Mexico Ignores Benefits of GMOs to the Detriment of the Global Food Chain
A federal judge in Mexico upheld President Andres Manuel Lopez Obrador’s anti-science ban on genetically modified (GMO) corn.
Obrador announced the ban on modified corn late last year. Modified crops are more resistant to pests, produce higher yields, and take up less land. There is zero credible evidence that modified crops are dangerous to consume, yet anti-GMO conspiracy theorists have demonized them as hazardous. In the same announcement, Lopez Obrador also banned the use of glyphosate, a pesticide that has been deemed safe by the United States Environmental Protection Agency for years.
The National Farm Council of Mexico filed a lawsuit to attempt to stop the ban from being implemented. The council called Lopez Obrador’s ban “radical and unscientific,” but the judge ruled in favor of the president. According to the council, the ban could lead to 30 percent lower corn yields in Mexico.
Those lower yields spell big trouble for tortilla-loving Americans and Mexicans alike. The council warned that the ban will lead to higher prices for consumers in both countries. But this could also cause problems for American farmers.
An estimated 90 percent of U.S. corn exports are genetically engineered. The U.S. exports roughly 16 million tons of corn each year to Mexico meaning that American farmers will either need to switch to non-modified corn or find a new market for their sales.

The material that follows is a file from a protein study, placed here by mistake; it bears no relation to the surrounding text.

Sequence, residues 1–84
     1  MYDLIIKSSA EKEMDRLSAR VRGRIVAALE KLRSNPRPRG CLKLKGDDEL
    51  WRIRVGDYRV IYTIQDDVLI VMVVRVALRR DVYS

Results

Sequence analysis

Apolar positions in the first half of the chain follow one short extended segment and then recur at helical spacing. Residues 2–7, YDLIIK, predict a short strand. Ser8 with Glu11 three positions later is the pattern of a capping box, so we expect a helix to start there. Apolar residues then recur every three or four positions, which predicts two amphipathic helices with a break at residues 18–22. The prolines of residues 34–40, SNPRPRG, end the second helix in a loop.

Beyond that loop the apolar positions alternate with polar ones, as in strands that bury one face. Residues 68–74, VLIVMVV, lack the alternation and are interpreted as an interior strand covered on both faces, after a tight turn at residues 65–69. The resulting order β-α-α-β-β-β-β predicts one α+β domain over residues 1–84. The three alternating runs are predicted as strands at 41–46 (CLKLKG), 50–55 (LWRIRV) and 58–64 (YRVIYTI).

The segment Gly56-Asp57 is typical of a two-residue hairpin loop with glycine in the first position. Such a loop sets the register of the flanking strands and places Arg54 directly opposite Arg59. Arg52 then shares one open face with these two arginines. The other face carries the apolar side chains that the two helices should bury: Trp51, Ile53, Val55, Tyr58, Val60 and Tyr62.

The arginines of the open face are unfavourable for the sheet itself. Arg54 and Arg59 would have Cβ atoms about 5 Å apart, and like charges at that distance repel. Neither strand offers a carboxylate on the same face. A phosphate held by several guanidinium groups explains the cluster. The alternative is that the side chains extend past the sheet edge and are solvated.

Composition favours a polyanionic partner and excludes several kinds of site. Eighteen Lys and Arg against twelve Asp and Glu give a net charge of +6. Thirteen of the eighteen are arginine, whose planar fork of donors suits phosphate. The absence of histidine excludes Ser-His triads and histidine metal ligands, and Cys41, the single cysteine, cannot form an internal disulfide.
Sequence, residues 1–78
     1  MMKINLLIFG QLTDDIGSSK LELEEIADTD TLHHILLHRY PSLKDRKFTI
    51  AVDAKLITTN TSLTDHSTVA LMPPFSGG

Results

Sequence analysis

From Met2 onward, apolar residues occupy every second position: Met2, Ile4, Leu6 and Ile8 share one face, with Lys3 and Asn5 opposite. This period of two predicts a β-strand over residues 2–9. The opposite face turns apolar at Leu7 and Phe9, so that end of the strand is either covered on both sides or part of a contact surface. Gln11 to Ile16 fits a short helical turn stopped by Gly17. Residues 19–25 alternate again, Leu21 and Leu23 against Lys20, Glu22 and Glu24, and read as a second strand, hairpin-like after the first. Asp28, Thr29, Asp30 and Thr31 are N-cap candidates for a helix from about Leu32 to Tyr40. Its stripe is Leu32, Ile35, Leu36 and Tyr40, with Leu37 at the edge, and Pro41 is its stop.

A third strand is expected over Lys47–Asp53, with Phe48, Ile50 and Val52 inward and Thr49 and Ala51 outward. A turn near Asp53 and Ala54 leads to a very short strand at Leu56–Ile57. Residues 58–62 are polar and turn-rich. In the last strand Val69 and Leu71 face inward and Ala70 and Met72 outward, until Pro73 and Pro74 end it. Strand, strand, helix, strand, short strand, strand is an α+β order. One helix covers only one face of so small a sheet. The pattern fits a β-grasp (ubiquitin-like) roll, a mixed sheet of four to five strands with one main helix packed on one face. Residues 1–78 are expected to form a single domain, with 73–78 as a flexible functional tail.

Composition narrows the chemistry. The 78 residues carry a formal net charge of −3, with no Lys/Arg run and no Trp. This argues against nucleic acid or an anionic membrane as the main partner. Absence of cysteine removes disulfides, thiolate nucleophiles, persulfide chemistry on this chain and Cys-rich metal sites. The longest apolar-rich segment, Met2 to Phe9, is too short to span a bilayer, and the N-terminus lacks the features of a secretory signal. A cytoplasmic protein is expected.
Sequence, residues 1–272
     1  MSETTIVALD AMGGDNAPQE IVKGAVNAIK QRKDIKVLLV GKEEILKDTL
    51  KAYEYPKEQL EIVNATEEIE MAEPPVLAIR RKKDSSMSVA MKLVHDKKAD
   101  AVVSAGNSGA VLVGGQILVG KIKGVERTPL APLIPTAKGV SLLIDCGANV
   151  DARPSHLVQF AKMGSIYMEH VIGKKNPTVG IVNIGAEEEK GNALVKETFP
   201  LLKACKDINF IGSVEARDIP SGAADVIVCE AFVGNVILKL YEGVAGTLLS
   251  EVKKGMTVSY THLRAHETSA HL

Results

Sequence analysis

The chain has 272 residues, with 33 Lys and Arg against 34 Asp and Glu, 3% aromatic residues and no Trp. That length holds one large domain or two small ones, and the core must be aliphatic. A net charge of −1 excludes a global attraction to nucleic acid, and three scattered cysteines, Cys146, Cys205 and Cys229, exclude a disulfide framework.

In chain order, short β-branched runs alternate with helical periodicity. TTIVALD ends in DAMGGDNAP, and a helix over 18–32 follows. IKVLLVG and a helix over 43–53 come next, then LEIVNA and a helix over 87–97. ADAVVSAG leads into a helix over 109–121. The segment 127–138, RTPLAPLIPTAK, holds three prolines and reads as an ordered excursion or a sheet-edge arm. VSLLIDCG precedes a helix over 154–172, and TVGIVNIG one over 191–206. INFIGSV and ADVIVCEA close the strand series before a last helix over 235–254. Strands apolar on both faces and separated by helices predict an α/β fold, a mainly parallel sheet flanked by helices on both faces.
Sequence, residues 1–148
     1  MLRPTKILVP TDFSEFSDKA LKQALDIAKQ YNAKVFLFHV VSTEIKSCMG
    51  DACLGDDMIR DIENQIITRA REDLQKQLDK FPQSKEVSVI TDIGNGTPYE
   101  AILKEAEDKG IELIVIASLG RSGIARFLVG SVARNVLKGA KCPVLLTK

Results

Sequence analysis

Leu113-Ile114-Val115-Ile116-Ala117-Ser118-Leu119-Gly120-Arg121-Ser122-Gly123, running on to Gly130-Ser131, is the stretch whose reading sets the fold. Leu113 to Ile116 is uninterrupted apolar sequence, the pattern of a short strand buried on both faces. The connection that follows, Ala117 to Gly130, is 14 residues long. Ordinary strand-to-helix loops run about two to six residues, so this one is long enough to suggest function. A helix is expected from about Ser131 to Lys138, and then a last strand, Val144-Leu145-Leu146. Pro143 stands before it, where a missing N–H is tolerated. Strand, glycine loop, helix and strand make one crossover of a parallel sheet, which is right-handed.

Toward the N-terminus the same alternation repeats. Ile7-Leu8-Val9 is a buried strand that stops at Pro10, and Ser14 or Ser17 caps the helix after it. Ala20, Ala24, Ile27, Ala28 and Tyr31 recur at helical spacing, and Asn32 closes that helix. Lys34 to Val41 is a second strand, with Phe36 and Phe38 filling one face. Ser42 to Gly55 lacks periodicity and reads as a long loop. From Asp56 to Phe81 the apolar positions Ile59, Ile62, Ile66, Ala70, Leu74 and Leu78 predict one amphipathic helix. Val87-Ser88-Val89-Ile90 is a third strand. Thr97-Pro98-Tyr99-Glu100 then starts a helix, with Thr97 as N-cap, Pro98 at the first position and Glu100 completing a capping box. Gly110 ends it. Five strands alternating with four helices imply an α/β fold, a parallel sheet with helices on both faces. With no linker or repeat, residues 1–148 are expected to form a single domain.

The opposition to engineered crops is not based on science, but it will have lasting effects on the food chain and the nutritional health of those impacted by the decisions. One report from Real Clear Markets estimated that at least 500,000 children have gone blind because some Asian countries under the guidance of the United Nations have outlawed modified crops. If these countries were allowed to grow “golden rice,” a vitamin A enriched rice, these children would not have suffered blinding vitamin A deficiency.
American officials have warned that opposition to modified crops could lead to famine for future generations.
Two researchers from the Heritage Institute, a right-of-center think tank, urged President Joe Biden to intervene in Lopez Obrador’s decision because it may run counter to some of the provisions of the USMCA, the latest trade agreement between the United States, Mexico, and Canada.
The USMCA was negotiated under the last administration and it is aimed at bringing trade between the three countries into the 21st century. Needless to say, banning crops that have been improved by cutting-edge engineering is anything but progressive and modern.
Unless the Biden administration intervenes, Lopez Obrador’s ban on modified corn and glyphosate will take effect in 2024.